Destinations / Food / United States / Vermont

Finally, a Bed-and-Breakfast for Foodies

The historic Inn at Weathersfield, originally built in 1792 as a stagecoach stop, in Perkinsville, Vermont

The historic Inn at Weathersfield, originally built in 1792 as a stagecoach stop, in Perkinsville, Vermont

A new culinary standard has been set by the best-kept secret in New England at the Inn at Weathersfield in Perkinsville, Vermont, a rustic yet refined bed-and-breakfast originally built in 1792 as a stagecoach stop, tucked off the road down a maple-lined drive just minutes away from Woodstock and Ludlow, home to Okemo Mountain. Owners Marilee and Richard Spanjian bought the inn in 2012 with the vision of turning the already established bed-and-breakfast into a premier culinary destination and cooking school, a place for epicureans to take cooking classes and enjoy farm-to-table meals at the Inn’s restaurant, ranging from gourmet breakfasts such as Vermont farmhouse cheddar and heirloom apple-stuffed pancakes served with cider syrup and walnut maple butter and five- to seven-course tasting menus with wine pairings from their award-winning wine cellar.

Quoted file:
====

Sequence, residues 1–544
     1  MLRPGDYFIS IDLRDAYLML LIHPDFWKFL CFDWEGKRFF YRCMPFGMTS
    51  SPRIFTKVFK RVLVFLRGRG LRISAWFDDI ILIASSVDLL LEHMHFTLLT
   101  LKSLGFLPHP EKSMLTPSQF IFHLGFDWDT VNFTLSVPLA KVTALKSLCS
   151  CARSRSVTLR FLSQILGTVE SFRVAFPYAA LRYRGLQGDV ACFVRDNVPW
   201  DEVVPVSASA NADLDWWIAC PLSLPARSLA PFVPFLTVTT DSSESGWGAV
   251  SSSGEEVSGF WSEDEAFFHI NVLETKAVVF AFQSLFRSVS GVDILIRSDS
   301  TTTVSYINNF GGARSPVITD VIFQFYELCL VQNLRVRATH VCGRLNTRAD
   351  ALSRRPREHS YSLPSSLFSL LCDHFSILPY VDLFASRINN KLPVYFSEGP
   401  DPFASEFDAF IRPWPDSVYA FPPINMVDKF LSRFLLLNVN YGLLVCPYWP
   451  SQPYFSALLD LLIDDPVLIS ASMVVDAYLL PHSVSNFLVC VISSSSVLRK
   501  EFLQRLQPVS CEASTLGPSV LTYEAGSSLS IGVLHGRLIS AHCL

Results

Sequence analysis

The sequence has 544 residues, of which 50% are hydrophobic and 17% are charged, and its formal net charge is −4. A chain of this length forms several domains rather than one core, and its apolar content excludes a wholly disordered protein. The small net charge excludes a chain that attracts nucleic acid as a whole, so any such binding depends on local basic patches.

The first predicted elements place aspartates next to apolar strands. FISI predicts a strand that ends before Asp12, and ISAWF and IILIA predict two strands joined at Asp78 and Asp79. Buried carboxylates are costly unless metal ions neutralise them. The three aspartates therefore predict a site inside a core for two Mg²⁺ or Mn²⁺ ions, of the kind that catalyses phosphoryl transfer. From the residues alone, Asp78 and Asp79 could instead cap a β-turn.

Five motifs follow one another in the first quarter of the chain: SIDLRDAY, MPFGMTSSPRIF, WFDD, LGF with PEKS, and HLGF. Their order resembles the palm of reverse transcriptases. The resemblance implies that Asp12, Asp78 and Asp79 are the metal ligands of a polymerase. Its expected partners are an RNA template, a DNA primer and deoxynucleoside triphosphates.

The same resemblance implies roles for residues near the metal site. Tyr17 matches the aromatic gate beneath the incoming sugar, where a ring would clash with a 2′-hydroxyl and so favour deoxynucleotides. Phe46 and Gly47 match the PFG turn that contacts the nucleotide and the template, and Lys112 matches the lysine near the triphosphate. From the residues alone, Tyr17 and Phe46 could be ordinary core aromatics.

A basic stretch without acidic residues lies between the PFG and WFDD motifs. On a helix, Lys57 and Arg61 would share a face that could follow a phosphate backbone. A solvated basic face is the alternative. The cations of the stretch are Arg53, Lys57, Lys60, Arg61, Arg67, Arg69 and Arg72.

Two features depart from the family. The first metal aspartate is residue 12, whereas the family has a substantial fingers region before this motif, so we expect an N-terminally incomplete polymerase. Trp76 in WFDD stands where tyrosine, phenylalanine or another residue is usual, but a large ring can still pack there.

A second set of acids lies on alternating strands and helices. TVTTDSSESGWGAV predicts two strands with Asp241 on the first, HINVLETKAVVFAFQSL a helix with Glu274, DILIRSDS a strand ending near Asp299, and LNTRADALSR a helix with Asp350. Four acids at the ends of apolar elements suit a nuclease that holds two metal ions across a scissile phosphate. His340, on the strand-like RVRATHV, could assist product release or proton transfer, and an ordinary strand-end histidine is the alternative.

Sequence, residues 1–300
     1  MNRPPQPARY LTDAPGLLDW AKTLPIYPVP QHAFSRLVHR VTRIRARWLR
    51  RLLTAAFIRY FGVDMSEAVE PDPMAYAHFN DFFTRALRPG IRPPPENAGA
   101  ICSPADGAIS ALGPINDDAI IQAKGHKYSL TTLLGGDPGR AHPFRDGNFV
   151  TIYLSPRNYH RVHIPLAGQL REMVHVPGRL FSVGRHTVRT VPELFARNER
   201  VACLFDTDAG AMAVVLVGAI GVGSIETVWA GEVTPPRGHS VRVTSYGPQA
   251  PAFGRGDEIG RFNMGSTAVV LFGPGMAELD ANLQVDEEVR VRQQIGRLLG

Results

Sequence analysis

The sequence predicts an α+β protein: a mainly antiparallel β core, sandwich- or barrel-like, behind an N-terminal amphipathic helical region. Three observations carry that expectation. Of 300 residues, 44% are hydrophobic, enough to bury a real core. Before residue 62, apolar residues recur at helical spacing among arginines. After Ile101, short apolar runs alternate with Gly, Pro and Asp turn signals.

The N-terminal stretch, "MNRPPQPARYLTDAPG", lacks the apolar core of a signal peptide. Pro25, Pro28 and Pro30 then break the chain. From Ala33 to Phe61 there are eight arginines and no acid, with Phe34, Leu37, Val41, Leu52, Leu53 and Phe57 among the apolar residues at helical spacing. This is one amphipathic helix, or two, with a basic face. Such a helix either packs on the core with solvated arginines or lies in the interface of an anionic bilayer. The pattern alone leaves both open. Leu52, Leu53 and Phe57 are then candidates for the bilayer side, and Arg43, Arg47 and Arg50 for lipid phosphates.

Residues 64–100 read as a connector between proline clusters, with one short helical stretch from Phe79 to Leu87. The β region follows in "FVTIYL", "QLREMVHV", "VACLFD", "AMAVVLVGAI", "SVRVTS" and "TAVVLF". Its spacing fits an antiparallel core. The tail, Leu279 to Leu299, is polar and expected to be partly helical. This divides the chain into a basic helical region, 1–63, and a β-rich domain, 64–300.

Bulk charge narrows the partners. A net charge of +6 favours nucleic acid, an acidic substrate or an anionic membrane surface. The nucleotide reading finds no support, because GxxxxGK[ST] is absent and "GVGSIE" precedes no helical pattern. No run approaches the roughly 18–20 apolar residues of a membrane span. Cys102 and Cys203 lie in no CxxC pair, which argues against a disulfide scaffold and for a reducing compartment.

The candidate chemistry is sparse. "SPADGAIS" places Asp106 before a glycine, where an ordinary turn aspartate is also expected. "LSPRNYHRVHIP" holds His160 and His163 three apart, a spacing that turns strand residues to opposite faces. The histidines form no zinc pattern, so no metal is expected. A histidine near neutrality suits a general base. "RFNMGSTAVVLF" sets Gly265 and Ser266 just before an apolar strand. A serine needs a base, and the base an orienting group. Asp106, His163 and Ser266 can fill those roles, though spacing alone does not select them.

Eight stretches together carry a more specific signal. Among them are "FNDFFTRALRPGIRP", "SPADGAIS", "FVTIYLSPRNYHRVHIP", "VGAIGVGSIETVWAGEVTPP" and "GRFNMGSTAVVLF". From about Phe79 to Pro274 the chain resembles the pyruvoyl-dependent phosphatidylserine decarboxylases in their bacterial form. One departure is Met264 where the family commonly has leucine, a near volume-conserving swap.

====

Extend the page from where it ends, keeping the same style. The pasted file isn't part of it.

New England at the Inn at Weathersfield, guestrooms

The Inn’s guestrooms combine modern comfort with historic charm

Buying the inn wasn’t a whimsical, spontaneous decision for the Spanjians. Rather, it was a strategic business investment that involved months of research and a complete due diligence process. While the inn had a solid foundation in place, the couple wanted to create a destination known for comfort, amenities and creative farm-to-table meals beyond the traditional breakfast. They added layers of fresh paint to each of the 12 stylishly-appointed guestrooms (four deluxe kings, two kings and six standard rooms, all named after covered bridges in the area), an overhaul of the existing restaurant menu and the hiring of new talent to head up the kitchen. The barn out back was transformed into an elegant, state-of-the-art, fully functional cooking studio called The Hidden Kitchen, a magical space where local chefs and instructors offer hands-on workshops and demonstration classes for those wishing to learn more about the art of cooking, and named in honor of Marilee’s mother’s former restaurant in Del Mar, California. The nearby organic garden grows lush during the summer months, producing all the vegetables and herbs used in the restaurant; what the Spanjians can’t grow is sourced from local farms and vendors down the road.  Menus are inspired by the seasons, root vegetables are pickled and stored for use during cold-weather months, and the emphasis is on harvesting what’s available while maintaining a commitment to the mantra: “Eat real, eat local, eat fresh.”

The Inn's state-of-the-art cooking studio, The Hidden Kitchen

The Inn’s state-of-the-art cooking studio, The Hidden Kitchen